Germans were advancing through the main street towards the church which was filled with wounded Czechoslovaks. The situation became hopeless. Otakar Jaroš was wounded again then killed in action while throwing anti-tank grenades.

For his heroism and command of the defense, Otakar Jaroš was awarded the title of Hero of the Soviet Union in memoriam. He was the first foreigner in history to receive such an award. He was posthumously promoted to the rank of captain.

First Lieutenant Otakar Jaroš, Post of the USSR 1969

The 1st Company could not be supported by the ten Soviet tanks waiting in reserve because the melting ice meant that the Mzha River would not support the weight of the tanks.

Communications with the 1st Company were cut off. After several attempts by the staff at headquarters to contact them by messengers failed, the Company finally received the message to retreat behind the Mzha River.

The fighting ceased only when night fell. At that point, the Czechoslovaks retreated behind the river. By not letting the Germans past the Mzha River, the Czechoslovaks won a defensive victory.

The Germans used flamethrowers to set the remaining houses on fire. The few captured Czechoslovaks were murdered. Their bodies were mutilated and exposed on a hill for all of their comrades to see.

First and most successful Czechoslovak female sniper and later medic, Marie Ljalková

German brutality led to fierce Czechoslovak counterattacks, so the Battle of Sokolovo raged until the 13th of March 1943.

On that date, Battalion Svoboda was ordered to retreat from the Mzha River because Germans had broken through Red Army positions and threatened the Czechoslovaks with encirclement.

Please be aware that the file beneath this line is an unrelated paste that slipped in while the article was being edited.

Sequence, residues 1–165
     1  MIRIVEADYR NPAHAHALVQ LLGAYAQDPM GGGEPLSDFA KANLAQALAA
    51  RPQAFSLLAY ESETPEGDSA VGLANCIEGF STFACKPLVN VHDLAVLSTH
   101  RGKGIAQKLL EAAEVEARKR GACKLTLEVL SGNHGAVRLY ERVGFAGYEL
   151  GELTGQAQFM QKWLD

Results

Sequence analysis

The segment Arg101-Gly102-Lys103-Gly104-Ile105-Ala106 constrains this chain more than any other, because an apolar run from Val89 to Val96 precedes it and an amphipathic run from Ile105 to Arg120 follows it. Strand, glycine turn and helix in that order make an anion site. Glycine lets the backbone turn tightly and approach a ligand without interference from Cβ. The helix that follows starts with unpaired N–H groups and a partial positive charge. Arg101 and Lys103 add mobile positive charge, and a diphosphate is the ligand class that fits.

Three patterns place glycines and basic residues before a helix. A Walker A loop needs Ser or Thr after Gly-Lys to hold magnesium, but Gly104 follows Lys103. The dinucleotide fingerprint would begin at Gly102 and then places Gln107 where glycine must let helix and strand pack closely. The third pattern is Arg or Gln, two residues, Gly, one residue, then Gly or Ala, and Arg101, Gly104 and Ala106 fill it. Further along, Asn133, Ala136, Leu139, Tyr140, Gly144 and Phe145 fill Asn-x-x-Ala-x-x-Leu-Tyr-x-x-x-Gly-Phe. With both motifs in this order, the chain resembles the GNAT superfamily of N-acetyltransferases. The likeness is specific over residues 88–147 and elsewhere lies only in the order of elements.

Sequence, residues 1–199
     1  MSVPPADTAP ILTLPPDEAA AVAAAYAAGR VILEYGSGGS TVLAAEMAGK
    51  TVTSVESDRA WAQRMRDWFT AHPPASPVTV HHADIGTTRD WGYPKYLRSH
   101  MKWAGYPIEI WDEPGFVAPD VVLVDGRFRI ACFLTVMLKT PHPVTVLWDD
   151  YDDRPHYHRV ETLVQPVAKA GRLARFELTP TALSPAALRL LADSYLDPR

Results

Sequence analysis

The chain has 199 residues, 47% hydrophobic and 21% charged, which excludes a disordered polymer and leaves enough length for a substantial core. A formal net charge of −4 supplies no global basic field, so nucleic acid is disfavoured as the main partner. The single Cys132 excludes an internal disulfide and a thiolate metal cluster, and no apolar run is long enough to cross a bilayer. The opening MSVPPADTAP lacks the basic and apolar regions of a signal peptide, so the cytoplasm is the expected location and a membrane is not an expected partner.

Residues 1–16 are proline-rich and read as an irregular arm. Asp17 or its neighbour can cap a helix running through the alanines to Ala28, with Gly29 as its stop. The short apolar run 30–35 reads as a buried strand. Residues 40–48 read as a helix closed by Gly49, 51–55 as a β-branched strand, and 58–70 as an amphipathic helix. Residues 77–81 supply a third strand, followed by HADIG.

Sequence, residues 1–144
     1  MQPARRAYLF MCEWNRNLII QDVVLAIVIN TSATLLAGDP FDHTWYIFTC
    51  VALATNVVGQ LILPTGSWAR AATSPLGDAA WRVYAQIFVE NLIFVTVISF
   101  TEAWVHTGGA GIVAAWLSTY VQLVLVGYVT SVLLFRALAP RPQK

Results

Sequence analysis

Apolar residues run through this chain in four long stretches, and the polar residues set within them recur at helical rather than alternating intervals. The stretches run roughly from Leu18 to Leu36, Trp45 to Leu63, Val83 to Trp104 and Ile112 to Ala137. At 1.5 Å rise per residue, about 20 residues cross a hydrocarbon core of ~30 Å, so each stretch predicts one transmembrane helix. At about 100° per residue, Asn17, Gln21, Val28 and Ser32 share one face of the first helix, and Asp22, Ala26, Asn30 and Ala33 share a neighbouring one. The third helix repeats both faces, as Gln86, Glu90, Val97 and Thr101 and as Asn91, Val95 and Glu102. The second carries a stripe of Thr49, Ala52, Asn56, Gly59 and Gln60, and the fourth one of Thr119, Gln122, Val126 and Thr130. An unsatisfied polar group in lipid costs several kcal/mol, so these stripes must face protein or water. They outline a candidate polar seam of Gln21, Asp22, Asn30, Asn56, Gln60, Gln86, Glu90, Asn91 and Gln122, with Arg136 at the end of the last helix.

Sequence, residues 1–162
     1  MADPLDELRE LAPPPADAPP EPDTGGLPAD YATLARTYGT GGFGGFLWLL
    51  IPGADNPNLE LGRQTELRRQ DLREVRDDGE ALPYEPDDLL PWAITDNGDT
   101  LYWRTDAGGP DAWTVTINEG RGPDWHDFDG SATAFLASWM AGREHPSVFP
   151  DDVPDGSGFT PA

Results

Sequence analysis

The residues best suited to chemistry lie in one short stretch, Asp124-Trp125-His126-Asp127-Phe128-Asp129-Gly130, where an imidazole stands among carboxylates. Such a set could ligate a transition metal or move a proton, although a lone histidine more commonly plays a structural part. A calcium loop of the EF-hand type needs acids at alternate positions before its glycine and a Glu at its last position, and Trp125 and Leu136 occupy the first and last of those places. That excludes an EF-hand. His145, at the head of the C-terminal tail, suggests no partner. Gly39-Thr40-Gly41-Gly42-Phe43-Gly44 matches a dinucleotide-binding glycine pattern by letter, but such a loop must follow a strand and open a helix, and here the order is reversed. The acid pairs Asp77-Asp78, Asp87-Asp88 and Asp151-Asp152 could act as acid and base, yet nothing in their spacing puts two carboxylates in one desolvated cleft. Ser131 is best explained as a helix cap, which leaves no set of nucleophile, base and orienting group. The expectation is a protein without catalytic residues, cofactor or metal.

The Battle gave rise to many Czechoslovak heroes.

The 22-year-old Marie Ljalková took part in the counterattacks as the first female sniper in Czechoslovak military history. She was credited with five kills while advancing in the first rows.

The second Czechoslovak female sniper, the 17-year-old Valentina Biněvská, was acting as a spotter and nearly froze to death because others forgot about her.

Second Czechoslovak female sniper, Valentina Biněvská. Photo taken after she passed airborne training within the 2nd Czechoslovak Independent Airborne Brigade in 1944

Battalion Svoboda suffered 260 casualties (25% of the total strength) in the Battle of Sokolovo, including 86 killed in action.

The Germans murdered 26 Czechoslovak prisoners of war. Furthermore, when they entered the city of Kharkov, they murdered injured soldiers who were unable to escape from the hospitals.

The Czechoslovaks managed to destroy 19 enemy tanks and up to 6 armored vehicles. They inflicted at least 300 casualties to the enemy. Most of the tanks were destroyed by anti-tank rifles and anti-tank grenades.

Ludvík Svoboda became a key Czechoslovak figure on the Eastern Front. He later led the 1st Czechoslovak Army Corps. During the Prague Spring of 1968, he became the President of Czechoslovakia.

Read another story from us: Slovak National Uprising

Vladimír Olej is the author of the novel The Corner of Death, which tells the story of a Slovak female medic who changed sides on the Eastern Front and took part in the Czechoslovak antifascist resistance. The book is filled with interesting historical data, and it tries to set things straight and tell the stories of Czechoslovak war heroes.